Published on September 1st, 2011 | by Phyl Newbeck0
Back to School | Vermont Sports’ Guide to College Programs for Outdoor Careers
A desk job isn’t for everyone, particularly not for avid readers of Vermont Sports. So, in the interest of creating a happy and healthy readership, we’ve put together a listing of the outdoor education programs in the state and slightly beyond. Each of the four-year colleges that are part of the Vermont State College system offers an outdoor major, as does the University of Vermont and Sterling College. Outside Vermont, we’ll focus on New England College in New Hampshire and Paul Smith’s College in New York.
Castleton State College, Castleton
Program: Outdoor Education Administration
Level: Minor within the Sports Administration Program
Years in existence: Four
Number of students per year: Too early to tell
Highlights: Primitive Survival Skills, a course designed to investigate Northeastern wilderness environments and their relation to the modern adventurer, minimalist, or nature enthusiast. The course teaches self-sufficiency and backcountry wisdom. Included is the study of the psychology of wilderness living and survival, primitive fire building, wilderness food preparation, emergency hunting and trapping, edible-plant gathering and preparing, cordage weaving, shelter construction, water purveying and filtration. The class combines lecture with hands-on instruction and includes a three-day primitive skill “walkabout” in the remote regions of the Green Mountains, as well as a 24-hour solo experience.
Key courses: Advanced Wilderness First Aid; Rock Climbing; Orienteering; Camping Skills; Fly Fishing; Backcountry Skiing and Snowboarding.
Famous former student: Josh Hardt, who is credited with turning the Moosalamoo Center at Otter Valley Union High School into an experiential learning program.
Contact person: John Feenick, chair of the Physical Education Department, email@example.com
Johnson State College, Johnson
Program: Outdoor Education Program
Level: Undergraduate major with minors in Adventure Education and Wilderness Leadership, and Environmental Education
Years in existence: 14
Number of students per year: 120 total graduates
Highlights: A four-decade-old course called Learning in the Outdoors, which involves running the weeklong Camp Abnaki for sixth graders in Grand Isle County (in conjunction with the Burlington YMCA).
Key courses: Introduction to Outdoor Education, which includes visits to programs such as the Vermont Institute of Natural Science, Shelburne Farms, Echo Center, and Bolton Adventure Center; Wilderness Leadership Techniques, in which students plan and embark on their own expeditions (last year’s class spent two-and-a-half weeks in New Mexico backpacking, mountain biking, rock climbing, and rafting; Winter Expedition, which takes place during February break and allows students to learn advanced skills in locations varying from the White Mountains and Adirondacks to western locations like Idaho.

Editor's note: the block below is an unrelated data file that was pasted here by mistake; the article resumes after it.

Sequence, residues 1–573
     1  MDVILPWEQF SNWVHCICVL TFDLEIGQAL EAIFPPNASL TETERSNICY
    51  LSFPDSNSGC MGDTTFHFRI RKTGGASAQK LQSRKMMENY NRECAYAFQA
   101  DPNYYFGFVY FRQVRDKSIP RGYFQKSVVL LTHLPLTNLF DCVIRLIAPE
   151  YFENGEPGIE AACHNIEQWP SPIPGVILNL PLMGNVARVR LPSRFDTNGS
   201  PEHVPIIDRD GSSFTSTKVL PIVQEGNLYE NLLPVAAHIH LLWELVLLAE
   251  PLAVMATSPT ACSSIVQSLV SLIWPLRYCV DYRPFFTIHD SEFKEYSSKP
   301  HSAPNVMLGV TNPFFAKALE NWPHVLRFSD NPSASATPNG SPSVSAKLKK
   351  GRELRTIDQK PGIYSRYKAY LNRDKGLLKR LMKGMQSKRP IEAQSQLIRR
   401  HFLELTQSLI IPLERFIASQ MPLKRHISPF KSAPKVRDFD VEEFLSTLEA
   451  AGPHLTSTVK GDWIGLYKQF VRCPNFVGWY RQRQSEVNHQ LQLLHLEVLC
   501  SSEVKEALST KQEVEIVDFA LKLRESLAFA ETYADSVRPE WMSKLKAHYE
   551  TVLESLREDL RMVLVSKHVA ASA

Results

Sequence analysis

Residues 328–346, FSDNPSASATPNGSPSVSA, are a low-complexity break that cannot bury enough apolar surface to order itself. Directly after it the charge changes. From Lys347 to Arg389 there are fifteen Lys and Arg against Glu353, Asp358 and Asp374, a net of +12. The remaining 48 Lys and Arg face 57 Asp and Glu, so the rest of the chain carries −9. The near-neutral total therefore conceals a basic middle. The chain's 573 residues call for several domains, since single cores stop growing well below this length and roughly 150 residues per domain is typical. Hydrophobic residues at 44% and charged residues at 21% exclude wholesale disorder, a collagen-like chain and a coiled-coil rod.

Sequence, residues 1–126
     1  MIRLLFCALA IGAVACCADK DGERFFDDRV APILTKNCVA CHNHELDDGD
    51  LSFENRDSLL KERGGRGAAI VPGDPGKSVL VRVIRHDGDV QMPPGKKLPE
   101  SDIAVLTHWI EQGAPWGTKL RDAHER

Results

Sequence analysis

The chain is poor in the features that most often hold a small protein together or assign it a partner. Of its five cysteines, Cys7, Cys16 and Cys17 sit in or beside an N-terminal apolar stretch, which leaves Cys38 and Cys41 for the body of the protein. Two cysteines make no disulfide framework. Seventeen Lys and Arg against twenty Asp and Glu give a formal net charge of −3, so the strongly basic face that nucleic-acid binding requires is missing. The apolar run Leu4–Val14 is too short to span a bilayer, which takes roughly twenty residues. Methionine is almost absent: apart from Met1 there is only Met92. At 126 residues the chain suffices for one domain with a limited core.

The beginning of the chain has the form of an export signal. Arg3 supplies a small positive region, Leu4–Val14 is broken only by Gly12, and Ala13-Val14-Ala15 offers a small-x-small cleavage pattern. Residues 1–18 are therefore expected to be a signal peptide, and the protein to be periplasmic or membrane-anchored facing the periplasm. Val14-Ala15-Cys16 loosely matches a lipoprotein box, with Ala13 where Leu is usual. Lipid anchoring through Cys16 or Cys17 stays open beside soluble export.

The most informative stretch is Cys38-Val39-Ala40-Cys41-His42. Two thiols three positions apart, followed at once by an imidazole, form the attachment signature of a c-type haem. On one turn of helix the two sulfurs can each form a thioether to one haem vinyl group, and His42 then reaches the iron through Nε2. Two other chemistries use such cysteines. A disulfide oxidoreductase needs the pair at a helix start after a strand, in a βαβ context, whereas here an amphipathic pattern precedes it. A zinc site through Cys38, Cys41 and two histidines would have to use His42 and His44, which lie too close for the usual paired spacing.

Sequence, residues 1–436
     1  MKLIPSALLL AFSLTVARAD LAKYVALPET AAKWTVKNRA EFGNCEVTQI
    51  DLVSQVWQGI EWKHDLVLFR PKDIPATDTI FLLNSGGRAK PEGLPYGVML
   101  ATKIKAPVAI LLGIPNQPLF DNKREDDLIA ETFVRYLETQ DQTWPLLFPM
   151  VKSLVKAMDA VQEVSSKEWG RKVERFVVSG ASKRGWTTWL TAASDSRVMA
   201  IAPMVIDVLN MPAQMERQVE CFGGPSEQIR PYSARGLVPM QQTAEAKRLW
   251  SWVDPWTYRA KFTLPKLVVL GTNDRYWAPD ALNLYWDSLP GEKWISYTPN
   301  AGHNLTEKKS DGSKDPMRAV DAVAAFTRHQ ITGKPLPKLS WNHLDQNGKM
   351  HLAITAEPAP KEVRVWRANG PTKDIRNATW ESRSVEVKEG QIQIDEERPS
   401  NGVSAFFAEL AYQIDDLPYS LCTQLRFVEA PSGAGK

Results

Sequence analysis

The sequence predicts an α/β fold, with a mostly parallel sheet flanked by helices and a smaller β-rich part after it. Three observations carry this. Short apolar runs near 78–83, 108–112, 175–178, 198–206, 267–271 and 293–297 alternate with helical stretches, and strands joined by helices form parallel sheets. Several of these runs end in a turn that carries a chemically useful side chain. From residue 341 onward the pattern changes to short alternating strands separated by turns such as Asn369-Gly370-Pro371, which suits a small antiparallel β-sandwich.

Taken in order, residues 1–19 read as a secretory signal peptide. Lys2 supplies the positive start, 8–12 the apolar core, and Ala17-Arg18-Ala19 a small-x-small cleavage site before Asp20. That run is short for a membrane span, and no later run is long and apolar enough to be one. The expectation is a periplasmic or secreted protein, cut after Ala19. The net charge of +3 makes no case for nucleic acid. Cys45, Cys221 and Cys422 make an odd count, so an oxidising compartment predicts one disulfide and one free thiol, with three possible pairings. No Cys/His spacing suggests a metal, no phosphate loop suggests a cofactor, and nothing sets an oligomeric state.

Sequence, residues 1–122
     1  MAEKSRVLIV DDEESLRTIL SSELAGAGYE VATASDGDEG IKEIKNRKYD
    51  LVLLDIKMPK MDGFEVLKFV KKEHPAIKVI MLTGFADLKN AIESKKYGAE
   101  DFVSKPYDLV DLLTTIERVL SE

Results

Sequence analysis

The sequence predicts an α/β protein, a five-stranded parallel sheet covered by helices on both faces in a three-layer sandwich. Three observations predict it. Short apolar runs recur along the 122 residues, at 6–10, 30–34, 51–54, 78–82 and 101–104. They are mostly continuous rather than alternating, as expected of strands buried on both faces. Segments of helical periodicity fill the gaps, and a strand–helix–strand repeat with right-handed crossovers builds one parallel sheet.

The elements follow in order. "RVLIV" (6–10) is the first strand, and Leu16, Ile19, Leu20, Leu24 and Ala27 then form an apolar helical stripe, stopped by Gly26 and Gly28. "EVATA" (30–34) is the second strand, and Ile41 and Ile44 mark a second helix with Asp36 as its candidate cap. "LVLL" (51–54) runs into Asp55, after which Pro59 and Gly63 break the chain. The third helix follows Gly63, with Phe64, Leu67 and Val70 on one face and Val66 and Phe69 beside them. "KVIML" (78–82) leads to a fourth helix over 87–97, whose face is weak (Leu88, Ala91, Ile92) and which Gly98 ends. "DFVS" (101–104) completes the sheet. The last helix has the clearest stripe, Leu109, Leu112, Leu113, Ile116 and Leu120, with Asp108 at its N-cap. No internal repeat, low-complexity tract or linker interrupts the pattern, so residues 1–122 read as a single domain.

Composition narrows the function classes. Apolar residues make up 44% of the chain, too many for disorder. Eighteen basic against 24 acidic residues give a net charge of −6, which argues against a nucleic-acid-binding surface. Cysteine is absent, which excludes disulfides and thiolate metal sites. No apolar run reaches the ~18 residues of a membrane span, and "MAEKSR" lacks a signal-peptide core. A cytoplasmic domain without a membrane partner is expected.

Famous alumni: Steve Charest, program director and lead instructor at Petra Cliffs; Alisa Anderson, program manager of the Smuggler’s Notch Adaptive Ski Program.
Contact person: Karen Uhlendorf, professor of Environmental and Health Sciences, firstname.lastname@example.org
Lyndon State College, Lyndonville
Program: Mountain Recreation Management
Level: B.S. in Adventure Leadership or Ski Resort and Snowsport Management
Years in existence: 38
Number of students per year: Average of 20 with a B.S. degree, including about a third with business minors.
Highlights: Experiential and expeditionary learning in classrooms that include local and global mountain ridges, valleys, rivers, and streams; Resource Impacts class, better known as “walk in the woods”; Expeditions, involving multisport skills; Lyndon Outdoor Orientation Program, a freshman orientation program that includes backpacking on the Long Trail. Adventure Leadership, students in their junior and senior years have the opportunity to work as leaders on the orientation course.
Key courses: Wilderness First Responder; Stonehearth Open Learning Opportunities; Leave No Trace Master Educator; Leave No Trace Center for Outdoor Ethics; Avalanche Level 1 and 2.
Famous alumni: Kris Blomback, general manager at Pats Peak Ski Area; John Worth, director of Burke Mountain Ski Patrol, co-owner of East Burke Sports, and developer of Kingdom Trails; Angela Irvine, co-founder of Little Bellas; Jamey Wimble, general manager at Mad River Glen; Scott Reeves, vice president of operations at Stowe Mountain Resort.